On Monday, my colleague and soon to be blogger Rob Mancabelli and I dropped in on Chris Lehmann at the Science Leadership Academy in Philadelphia for a three hour tour and chat. Bottom line is that Chris is building a vibrant community of learners among both teachers and students that has a unique feeling in the world of public schools I’ve seen. (BTW, here’s a Flickr set of some photos I took of the students and the structure.)

And it’s really not about the technology as much as it is about the culture of learning that they are creating. Yes, every student has a laptop. And they have been working with Moodle and Elgg to build class sites and online portfolios. But what’s neat is that the students are taking real ownership over what happens at the school. Without giving too much away since Chris said he was getting ready to blog about this, there has been one issue that has arisen that in most schools would cause all sorts of overreaction from administrators and the like. At SLA, the kids are dealing with it through the use of the Moodle forums, where, amazingly, they have been communicating since months before the school even opened in September. Chris and his teachers chime in too, and the conversation is open and honest, effectively dealing with the situation to date.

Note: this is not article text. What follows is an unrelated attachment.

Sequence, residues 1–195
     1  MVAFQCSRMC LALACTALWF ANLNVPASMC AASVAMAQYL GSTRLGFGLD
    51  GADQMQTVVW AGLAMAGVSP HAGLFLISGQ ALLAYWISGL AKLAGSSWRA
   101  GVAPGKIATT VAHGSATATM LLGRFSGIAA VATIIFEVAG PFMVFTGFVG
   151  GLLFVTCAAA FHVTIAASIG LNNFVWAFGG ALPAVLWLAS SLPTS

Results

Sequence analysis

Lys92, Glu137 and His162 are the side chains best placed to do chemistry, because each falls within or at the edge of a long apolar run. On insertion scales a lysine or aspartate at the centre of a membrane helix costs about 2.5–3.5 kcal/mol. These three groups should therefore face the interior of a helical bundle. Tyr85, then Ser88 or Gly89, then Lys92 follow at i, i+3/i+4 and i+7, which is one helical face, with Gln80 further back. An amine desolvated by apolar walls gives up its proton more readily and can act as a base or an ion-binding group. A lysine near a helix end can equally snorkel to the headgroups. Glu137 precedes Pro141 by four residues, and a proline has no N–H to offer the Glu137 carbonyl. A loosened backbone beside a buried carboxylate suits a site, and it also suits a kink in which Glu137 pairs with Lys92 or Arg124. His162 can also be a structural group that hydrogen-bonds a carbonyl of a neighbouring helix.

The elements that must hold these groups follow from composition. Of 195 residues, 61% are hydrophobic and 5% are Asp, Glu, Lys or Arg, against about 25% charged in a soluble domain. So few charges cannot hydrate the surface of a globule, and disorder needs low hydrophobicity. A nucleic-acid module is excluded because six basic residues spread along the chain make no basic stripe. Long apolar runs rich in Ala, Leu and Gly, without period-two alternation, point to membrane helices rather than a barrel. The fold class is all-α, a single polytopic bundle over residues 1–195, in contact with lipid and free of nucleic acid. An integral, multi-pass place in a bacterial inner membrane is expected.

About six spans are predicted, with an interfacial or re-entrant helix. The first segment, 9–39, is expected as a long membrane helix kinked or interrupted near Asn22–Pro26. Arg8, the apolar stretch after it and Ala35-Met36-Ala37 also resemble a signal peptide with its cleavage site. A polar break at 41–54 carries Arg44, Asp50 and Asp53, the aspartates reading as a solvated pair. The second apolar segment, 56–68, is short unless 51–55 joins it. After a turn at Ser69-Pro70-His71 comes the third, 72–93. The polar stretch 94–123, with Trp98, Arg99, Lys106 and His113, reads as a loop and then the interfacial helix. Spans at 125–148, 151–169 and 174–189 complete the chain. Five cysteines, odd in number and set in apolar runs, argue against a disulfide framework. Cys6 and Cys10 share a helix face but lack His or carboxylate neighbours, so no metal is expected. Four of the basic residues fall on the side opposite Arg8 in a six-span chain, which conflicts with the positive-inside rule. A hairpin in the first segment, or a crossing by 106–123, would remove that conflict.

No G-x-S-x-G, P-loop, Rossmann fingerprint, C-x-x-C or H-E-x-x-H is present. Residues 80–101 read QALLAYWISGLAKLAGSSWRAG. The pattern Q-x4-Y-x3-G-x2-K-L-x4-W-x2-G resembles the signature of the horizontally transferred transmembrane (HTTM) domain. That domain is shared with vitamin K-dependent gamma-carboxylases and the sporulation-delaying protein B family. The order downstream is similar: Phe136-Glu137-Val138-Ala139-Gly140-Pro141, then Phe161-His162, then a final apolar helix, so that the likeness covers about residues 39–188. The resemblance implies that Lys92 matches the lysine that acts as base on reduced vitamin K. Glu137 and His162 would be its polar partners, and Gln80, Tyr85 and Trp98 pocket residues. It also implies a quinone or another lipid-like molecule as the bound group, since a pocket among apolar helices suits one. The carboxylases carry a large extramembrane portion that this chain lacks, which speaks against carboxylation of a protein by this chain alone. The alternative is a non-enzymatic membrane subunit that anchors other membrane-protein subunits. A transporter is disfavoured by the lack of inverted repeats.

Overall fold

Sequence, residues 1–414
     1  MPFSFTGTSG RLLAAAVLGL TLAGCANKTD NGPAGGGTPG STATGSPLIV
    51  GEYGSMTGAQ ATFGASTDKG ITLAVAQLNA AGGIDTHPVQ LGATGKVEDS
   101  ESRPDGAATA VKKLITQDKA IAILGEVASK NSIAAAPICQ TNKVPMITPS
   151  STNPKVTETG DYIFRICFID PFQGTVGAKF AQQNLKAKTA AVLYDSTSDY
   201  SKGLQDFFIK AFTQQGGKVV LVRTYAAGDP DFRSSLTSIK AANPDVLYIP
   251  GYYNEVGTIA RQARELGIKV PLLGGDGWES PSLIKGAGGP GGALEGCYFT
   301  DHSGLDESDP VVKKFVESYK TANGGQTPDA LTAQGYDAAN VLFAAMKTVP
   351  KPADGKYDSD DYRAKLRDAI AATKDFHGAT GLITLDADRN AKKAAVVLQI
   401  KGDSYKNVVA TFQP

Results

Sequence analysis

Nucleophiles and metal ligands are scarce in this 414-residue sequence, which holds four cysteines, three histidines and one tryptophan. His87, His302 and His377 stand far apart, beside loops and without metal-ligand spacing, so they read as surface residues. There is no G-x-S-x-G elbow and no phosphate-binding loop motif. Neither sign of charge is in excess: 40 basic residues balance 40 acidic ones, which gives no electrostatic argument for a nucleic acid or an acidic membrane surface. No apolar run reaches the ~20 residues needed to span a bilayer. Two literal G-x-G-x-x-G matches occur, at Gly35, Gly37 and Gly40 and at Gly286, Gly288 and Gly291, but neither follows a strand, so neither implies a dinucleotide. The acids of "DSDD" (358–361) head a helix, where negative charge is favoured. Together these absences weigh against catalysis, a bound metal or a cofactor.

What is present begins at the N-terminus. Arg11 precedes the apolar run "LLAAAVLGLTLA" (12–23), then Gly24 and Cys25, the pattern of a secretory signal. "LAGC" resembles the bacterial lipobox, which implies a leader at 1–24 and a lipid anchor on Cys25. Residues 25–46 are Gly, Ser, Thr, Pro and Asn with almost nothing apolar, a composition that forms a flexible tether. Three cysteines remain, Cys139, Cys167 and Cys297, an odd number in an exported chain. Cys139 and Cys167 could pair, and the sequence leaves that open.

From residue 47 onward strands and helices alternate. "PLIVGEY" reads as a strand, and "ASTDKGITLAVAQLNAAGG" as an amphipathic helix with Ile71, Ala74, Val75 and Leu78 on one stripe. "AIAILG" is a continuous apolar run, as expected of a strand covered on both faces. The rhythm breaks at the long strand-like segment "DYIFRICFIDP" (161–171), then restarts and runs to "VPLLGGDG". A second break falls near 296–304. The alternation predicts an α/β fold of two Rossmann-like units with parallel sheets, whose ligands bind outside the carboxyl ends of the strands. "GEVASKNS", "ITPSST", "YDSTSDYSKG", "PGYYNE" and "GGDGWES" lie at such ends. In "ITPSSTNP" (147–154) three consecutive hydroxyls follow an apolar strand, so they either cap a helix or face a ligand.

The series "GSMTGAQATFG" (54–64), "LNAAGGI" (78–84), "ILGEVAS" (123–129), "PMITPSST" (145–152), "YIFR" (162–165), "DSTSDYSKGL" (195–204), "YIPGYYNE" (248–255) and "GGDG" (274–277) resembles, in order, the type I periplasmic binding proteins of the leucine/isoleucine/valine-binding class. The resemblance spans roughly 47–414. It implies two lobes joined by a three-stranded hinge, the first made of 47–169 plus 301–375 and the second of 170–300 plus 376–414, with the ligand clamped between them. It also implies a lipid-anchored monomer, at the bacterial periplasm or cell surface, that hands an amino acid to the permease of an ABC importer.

The physical space is beautiful and there is lots of room to grow for the 400 or so more students who will be coming in the next three years. And it won’t be hard to fill it up; SLA has received about 2,000 applications for just over 100 spots next year.

As with any new school, it’s hard to predict what the next day will bring. But thus far, SLA looks like it’s doing really well in terms of creating a very special foundation for education in a School 2.0 world.

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